Today's workers find their attention pulled in many directions. Pandemic concerns and a host of changes, including new safety policies and procedures implemented across industries, have only added volume to the clamor of alerts, messages and distracting apps accessible on mobile devices.
Companies stand to lose far more than productivity when worker's devices lead their minds astray. In some environments, distractions threaten life, limb and property, even if the app or activity dividing the individual's attention is work-related.
Indeed, the source of distraction at a critical moment could be one of the many mobile apps that organizations have adopted in recent years to enhance productivity, lower costs, widen profit margins and increase customer satisfaction. That is one of the reasons that companies seldom issue blanket policies prohibiting the use of mobile devices entirely.
How, then, should companies eliminate the safety and productivity challenges associated with mobile device use without eliminating the mobile devices themselves? Is it better to tackle problems as they occur, addressing incidents one at a time? Or should management take a quantum leap forward, imposing broad policy changes and adopting new tools to support compliance? Which approach delivers the desired outcome, in the most effective way?
Steps and leaps
Most companies are already heavily invested in the incremental steps towards making a safer work environment. Whether it’s daily safety meetings, OSHA training, adjusting safety policies or procedures or introducing new personal protective equipment (PPE) to the workforce, these daily acts reinforce the safety message and deliver the incremental improvements in incident rates the company is looking for.
But, to really impact the business and reduce the occurrence and cost of incidents, especially in times when the level of distraction is at its highest, organizations need to take that quantum leap. For many that means moving past the reliance on policies, training and personal choice and to instead manage mobile device usage with smart technology.
Supportive technology and artificial intelligence
Smart technology enables a company to achieve the high degree of compliance necessary to improve workplace safety through a mobile device policy. And, it can do so selectively, limiting access to distracting apps and functions only when and where access needs to be managed.
This could include eliminating distractions when an employee is around large machinery, operating heavy equipment or behind the wheel of a company or grey fleet vehicle. Outside of these riskier work environments, the mobile device operates as normal, which fosters employee trust, engagement and satisfaction in the policy.
These smart platforms for eliminating day-to-day mobile device distractions are known as contextual mobile device management technology (CMDM), which makes a smart device as “smart” as possible. The platforms manage the functionality of mobile devices in protected “zones,” which allows companies to develop intelligent usage policies according to how and where work gets done.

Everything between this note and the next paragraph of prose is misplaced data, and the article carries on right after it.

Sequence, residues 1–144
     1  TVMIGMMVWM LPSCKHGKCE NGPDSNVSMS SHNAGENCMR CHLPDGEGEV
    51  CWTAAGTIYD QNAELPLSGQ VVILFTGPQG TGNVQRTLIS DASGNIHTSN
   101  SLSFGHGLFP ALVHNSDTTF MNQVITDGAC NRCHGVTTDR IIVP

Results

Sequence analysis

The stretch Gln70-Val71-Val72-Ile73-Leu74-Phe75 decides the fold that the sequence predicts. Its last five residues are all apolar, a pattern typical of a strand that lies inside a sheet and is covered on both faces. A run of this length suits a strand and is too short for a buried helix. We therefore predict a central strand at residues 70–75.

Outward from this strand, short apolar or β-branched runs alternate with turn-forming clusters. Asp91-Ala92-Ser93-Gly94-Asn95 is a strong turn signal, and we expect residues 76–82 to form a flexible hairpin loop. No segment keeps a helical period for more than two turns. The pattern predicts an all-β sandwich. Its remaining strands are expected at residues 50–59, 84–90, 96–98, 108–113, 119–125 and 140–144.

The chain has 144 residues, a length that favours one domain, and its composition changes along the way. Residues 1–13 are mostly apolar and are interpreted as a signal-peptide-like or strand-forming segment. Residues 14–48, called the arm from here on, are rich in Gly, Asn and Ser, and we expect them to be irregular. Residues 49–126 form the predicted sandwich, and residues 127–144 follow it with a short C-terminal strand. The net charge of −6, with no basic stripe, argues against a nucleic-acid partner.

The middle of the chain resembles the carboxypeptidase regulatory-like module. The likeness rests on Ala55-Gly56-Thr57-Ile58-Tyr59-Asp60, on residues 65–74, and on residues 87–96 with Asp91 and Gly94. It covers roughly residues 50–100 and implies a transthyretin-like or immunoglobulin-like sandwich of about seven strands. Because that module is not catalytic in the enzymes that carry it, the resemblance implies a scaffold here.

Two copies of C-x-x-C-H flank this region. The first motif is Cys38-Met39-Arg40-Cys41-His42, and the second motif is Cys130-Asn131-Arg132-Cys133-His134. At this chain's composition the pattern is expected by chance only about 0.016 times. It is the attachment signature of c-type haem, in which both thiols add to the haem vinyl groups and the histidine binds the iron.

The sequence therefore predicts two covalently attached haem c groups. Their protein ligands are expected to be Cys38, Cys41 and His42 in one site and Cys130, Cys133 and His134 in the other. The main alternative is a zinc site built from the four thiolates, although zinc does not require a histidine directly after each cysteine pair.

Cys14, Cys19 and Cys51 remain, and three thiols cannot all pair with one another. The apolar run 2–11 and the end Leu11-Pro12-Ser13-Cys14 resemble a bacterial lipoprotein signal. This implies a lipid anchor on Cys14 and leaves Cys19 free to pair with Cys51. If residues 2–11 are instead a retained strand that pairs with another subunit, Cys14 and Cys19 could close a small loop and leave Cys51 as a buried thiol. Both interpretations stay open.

Smart devices entering a zone automatically adjust to that zone's mobile application usage policy, suppressing selected applications and functions that can cause a worker to lose focus, increasing the risk to their safety. This proactively eliminates liabilities and can even help to improve productivity rates. The resulting bump in productivity and profitability can be significant.
By using contextual indicators such as location, proximity or movement to intelligently detect when and where a mobile device is being used, CMDM can reduce the amount of time employers spend addressing policy violations. And, any privacy concerns raised by employees are easily addressed, as the technology only manages applications and device functionality in the workplace, on work time, is not designed to track employees and never accesses or records personal data.
More traditional mobile device management solutions may not recognize special locations or circumstances that make them more or less dangerous than a generic standard. Before committing to a solution, decision-makers should ensure that their chosen system supports the use of mobile apps necessary for the business, mitigates distractions, and meets the following business requirements:
· All employees, across all job functions
· All types of devices and operating systems, whether company issued or BYOD
· All work environments and situations such as driving or using heavy equipment
Solace of quantum gains
Employers bear a responsibility to ensure workplace safety, and that obligation extends to easing the distractions posed by mobile devices. Improper mobile device usage and the distractions created by constant notifications can result in increasingly hazardous working conditions, time-consuming supply chain issues and lower productivity rates on the manufacturing floor.
Daily improvements such as employee training and new procedures will create small steps forward in worker safety and productivity but may not be enough to truly move the business forward. The same can be said for heavy handed policies that leave employees disengaged and unproductive– they just don’t work.
In the case of mobile device distraction, rather than relying on policies based on blocking and controlling device usage, companies can embrace intelligent solutions that enable them to remain competitive while establishing a safer and more productive work environment. A contextually aware mobile device management platform paves the way to smoothly increase day-to-day operational safety and productivity and ultimately to achieving big picture business objectives – allowing for a quantum leap forward.